For more information, the Zoom link and password, or to express interest, please contact SJRC Graduate Student Researcher Dennis Browe (sociology).

March 09, 2020 | Personalizing medicine through genomics in Denmark

Monday, March 9, 2020

12-1:30 PM

UC Santa Cruz Genomics Institute

Westside Research Park: 2300 Delaware Ave., Santa Cruz

Double Helix Conference Room

In this talk, Iben M. Gjødsbøl (Assistant Professor Centre for Medical Science and Technology Studies, Department of Public Health, University of Copenhagen) draws upon ethnographic research carried out in Denmark to give an account of how genomic science and technology is being introduced in the health care system to better personalize medicine to the individual patient. To push forward biomedical research and clinical care, in 2018 the Danish government decided to establish a National Genome Centre for collecting and storing copies of patients’ genomic sequences and genetic analyses. At a moment in which knowledge and thus value is accrued from Big Data, Denmark flags itself as being among the most data-intense and digitalized societies in the world, possessing unique data sources for the population sciences. Policy makers, researchers, and health professionals are all unified in their perception that the National Genome Center is a natural continuance of the Danish state institutions’ tradition of collecting information about its citizens. Yet although most actors engaged in precision medicine agree on this general narrative, setting up new infrastructures for genomic data and making it useful in the clinic is not straightforward. To make precision medicine through genomics involves quandaries about access to health care; balancing public-private governance in a welfare state; the relationship of science to the clinic; and division of labor and responsibilities between professions. It also raises doubts about what data is useful and worthy of storing and thus fundamental questions about what constitutes valuable knowledge. As solutions to these questions are negotiated and settled, they simultaneously reconfigure responsibilities for both institutions, professionals, and citizens in the Danish health care system.

Iben M. Gjødsbøl’s primary fields of research are medical anthropology, medical science and technology studies. My research explores how medical technologies and clinical practices shape our understandings and experiences of health and illness. I do ethnography in health care settings, exploring how personhood and the value of life are constituted in the everyday clinical practices in the Danish welfare system. My PhD research concerned how life’s worth is practiced and experienced in the field of dementia, including both clinical and care settings. Currently, I am Assistant Professor at the Section for Health Services Research, Department of Public Health. My current research explores how personalized medicine is realized within cardiology in the Danish health care system. This research project forms part of the larger project ‘Personalized Medicine in the Welfare State’, MeInWe, headed by Professor Mette N. Svendsen. Learn more here.

Seating is limited. RSVP at bit.ly/PersMedDenmark.

To accommodate a disability, please contact Ben Coffey at the UC Santa Cruz Genomics Institute (becoffey@ucsc.edu, 831-459-1477).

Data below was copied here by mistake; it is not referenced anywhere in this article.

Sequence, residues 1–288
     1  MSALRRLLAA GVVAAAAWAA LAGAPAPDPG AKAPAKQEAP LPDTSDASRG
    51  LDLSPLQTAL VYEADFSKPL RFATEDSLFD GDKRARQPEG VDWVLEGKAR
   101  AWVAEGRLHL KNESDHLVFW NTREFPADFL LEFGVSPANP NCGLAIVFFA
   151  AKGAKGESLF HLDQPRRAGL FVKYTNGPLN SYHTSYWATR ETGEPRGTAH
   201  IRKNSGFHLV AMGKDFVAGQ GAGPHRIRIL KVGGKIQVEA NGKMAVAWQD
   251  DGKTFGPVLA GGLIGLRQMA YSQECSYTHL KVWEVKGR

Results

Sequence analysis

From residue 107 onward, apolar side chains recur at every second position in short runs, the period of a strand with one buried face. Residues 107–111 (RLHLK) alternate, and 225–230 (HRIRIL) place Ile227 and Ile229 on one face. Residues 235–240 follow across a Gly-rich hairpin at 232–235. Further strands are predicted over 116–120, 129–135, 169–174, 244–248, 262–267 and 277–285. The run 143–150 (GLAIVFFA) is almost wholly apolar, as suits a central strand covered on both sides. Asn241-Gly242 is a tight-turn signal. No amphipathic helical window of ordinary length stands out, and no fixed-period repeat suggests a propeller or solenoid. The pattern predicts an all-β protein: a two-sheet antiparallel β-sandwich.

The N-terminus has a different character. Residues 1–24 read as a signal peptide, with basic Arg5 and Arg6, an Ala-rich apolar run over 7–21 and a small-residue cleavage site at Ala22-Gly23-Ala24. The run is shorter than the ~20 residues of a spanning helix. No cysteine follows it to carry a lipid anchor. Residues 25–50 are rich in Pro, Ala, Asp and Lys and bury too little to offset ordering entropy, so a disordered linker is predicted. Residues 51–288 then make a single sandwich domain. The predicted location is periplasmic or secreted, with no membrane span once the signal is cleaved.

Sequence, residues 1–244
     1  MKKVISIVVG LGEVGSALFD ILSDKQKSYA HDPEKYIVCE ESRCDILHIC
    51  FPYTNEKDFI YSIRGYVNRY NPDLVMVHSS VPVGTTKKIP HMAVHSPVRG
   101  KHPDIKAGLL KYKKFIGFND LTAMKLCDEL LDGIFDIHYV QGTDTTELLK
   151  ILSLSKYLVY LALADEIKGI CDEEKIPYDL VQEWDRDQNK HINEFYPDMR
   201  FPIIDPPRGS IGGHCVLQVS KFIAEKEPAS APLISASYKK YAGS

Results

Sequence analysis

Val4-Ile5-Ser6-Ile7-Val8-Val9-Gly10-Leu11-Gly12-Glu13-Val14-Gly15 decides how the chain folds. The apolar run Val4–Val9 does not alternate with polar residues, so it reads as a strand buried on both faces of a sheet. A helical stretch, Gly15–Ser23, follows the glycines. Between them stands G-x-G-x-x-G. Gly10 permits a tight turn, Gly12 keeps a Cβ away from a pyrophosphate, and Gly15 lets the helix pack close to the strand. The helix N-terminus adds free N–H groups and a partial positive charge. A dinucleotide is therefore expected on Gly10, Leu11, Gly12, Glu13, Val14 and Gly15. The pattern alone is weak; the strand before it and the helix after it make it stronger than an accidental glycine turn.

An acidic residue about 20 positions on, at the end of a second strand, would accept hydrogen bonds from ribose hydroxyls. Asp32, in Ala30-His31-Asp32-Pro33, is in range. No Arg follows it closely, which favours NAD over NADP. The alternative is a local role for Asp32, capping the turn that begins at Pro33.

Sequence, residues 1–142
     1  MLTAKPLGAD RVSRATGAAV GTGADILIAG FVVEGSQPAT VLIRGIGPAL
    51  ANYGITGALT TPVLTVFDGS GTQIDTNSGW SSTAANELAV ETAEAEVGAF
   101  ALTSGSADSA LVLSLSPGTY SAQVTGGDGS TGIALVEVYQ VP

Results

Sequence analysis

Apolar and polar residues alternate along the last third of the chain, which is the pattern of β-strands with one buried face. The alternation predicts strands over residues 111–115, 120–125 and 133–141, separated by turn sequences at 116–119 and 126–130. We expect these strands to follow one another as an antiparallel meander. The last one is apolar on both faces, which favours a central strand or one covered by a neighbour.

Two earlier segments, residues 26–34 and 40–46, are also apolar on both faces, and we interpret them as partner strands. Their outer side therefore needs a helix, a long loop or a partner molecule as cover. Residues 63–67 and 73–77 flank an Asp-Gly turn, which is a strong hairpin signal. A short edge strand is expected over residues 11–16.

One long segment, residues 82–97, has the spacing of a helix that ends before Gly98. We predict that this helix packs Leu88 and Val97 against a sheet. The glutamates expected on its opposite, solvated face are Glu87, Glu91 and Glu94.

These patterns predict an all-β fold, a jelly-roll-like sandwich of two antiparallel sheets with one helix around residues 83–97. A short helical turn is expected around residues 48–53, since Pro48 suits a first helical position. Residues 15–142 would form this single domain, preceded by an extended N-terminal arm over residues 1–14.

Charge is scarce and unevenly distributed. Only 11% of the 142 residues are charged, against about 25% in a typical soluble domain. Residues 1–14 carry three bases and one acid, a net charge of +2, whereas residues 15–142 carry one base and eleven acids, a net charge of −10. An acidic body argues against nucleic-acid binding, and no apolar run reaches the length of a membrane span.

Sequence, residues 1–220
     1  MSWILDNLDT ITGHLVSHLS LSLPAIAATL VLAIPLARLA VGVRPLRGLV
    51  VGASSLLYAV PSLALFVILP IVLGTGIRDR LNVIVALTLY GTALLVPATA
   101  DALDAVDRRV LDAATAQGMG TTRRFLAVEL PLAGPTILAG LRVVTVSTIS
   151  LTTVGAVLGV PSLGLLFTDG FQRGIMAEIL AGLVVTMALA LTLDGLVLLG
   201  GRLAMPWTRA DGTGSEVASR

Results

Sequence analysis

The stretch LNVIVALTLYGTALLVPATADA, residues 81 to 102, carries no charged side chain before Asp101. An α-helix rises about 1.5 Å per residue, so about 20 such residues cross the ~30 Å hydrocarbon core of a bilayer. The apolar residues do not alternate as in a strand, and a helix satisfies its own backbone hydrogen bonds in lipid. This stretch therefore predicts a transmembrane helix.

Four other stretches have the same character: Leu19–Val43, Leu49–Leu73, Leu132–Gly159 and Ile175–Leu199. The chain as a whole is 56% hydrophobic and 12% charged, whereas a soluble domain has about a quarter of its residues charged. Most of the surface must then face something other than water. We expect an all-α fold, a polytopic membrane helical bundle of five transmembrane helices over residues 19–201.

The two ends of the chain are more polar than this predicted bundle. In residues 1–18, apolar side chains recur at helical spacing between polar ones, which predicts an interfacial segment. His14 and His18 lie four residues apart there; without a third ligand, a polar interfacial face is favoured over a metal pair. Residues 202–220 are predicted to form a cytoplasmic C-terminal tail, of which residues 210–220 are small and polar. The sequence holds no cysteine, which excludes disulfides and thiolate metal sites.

Sponsored by the UC Santa Cruz Genomics Institute

February 18, 2020 | Theorizing Race After Race [POSTPONED]

Tuesday, February 18, 2020 [POSTPONED]

5:00-6:30 PM

SJRC Common Room, Oakes 231

Join Science & Justice scholars for an open discussion of Theorizing Race After Race!

At this session, we’ll discuss our funding proposal (which we will circulate in advance), as well as a recap of the January 22 discussion with Herman Gray and Alondra Nelson.

More information on the cluster can be found at: https://scijust.ucsc.edu/2019/05/17/theorizing-race-after-race/.

February 5, 2020 | Lukas Rieppel on Locating the Central Asiatic Expedition

Wednesday, February 5, 2020

12noon-1:30pm Humanities 210

4:00-5:30pm SJRC Common Room, Oakes 231

Join the SJRC and the Center for Cultural Studies for a noon talk and an evening book discussion with Lukas Rieppel.

During the 1920s, a large team of researchers from the New York natural history museum spent nearly a decade exploring the Gobi Desert in Central Asia under the leadership of Roy Chapman Andrews. Their widely publicized goal was to uncover fossil evidence in support of a racially motivated theory promulgated by the Museum’s president, Henry Fairfield Osborn, which located the evolutionary origins of modern humanity in Asia rather than Africa. While Andrews failed to find evidence that Central Asia served as the “cradle of mankind,” his expedition achieved both popular and scientific acclaim for the discovery of fossilized dinosaur eggs. However, when the Guomindang general Chiang Kai-sheck’s military troops arrived in Beijing during the summer of 1928, the expedition was expelled from their base of operations in northern China. Much of the controversy stemmed from a disagreement about specimens. Whereas Chinese intellectuals associated with the nationalist government accused American paleontologists of plundering ancient treasures from Central Asia, Andrews argued that because dinosaurs predated the creation of China, they belonged equally to all mankind. In this talk, Rieppel hopes to use the ensuing debate about whether science ought to be understood as a cosmopolitan endeavor or a technique of imperial expropriation to motivate a critical discussion about the language of “knowledge in transit,” “circulation,” and “circuits of exchange” in recent attempts to produce a less parochial account of knowledge production in a global context.

Lukas Rieppel works at the intersection of the history of science and the history of capitalism, focusing especially on the life, earth, and environmental sciences in nineteenth and early twentieth century North America. Rieppel recently published book Assembling the Dinosaur: Fossil Hunters, Tycoons, and the Making of a Spectacle (Harvard University Press, 2019), a lively account tracing how dinosaurs became a symbol of American power and prosperity and gripped the popular imagination during the Gilded Age, when their fossil remains were collected and displayed in museums financed by North America’s wealthiest business tycoons. Rieppel co-edited a recent issue of the journal Osiris (with Eugenia Lean & William Deringer) on the theme of “Science & Capitalism: Entangled Histories,” and he has written several essays about fossils, museums, and markets. Rieppel is a David and Michelle Ebersman Assistant Professor of History at Brown University. More information at: https://sites.google.com/view/lukasrieppel/